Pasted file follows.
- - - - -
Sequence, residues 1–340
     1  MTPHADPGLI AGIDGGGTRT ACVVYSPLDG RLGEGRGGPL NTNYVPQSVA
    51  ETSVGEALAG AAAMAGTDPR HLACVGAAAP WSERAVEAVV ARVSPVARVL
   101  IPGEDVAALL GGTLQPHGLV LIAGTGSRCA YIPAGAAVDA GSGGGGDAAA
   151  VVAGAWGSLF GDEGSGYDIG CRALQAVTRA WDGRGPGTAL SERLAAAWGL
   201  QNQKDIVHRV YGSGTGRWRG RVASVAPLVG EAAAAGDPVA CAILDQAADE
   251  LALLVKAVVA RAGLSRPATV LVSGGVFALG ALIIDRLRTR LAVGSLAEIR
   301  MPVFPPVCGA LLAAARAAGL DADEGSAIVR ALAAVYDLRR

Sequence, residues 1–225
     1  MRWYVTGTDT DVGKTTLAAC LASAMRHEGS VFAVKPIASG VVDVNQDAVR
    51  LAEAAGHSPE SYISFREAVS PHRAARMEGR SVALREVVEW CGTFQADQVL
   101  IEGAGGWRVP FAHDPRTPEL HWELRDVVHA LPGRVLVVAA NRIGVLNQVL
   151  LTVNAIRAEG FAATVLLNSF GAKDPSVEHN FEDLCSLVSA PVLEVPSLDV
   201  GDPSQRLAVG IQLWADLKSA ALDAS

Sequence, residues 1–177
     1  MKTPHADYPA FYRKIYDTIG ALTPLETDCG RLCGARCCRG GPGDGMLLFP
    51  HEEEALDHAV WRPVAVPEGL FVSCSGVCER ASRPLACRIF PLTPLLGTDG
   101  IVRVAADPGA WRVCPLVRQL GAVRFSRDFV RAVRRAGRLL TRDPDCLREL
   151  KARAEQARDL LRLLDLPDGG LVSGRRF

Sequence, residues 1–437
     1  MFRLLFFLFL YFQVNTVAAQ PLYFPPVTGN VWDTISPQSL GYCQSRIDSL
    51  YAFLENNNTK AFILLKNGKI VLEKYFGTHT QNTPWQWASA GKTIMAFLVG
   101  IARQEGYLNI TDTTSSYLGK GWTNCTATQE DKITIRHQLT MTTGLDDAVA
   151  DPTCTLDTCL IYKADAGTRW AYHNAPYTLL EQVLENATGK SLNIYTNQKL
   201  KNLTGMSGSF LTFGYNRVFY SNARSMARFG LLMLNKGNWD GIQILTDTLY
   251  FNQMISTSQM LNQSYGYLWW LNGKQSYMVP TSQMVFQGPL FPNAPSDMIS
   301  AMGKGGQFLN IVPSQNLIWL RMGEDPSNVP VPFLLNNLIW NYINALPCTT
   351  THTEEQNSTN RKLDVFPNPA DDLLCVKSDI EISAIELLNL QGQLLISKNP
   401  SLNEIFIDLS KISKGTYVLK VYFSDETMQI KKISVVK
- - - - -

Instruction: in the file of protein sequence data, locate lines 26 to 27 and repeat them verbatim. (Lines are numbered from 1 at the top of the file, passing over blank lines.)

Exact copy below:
   251  FNQMISTSQM LNQSYGYLWW LNGKQSYMVP TSQMVFQGPL FPNAPSDMIS
   301  AMGKGGQFLN IVPSQNLIWL RMGEDPSNVP VPFLLNNLIW NYINALPCTT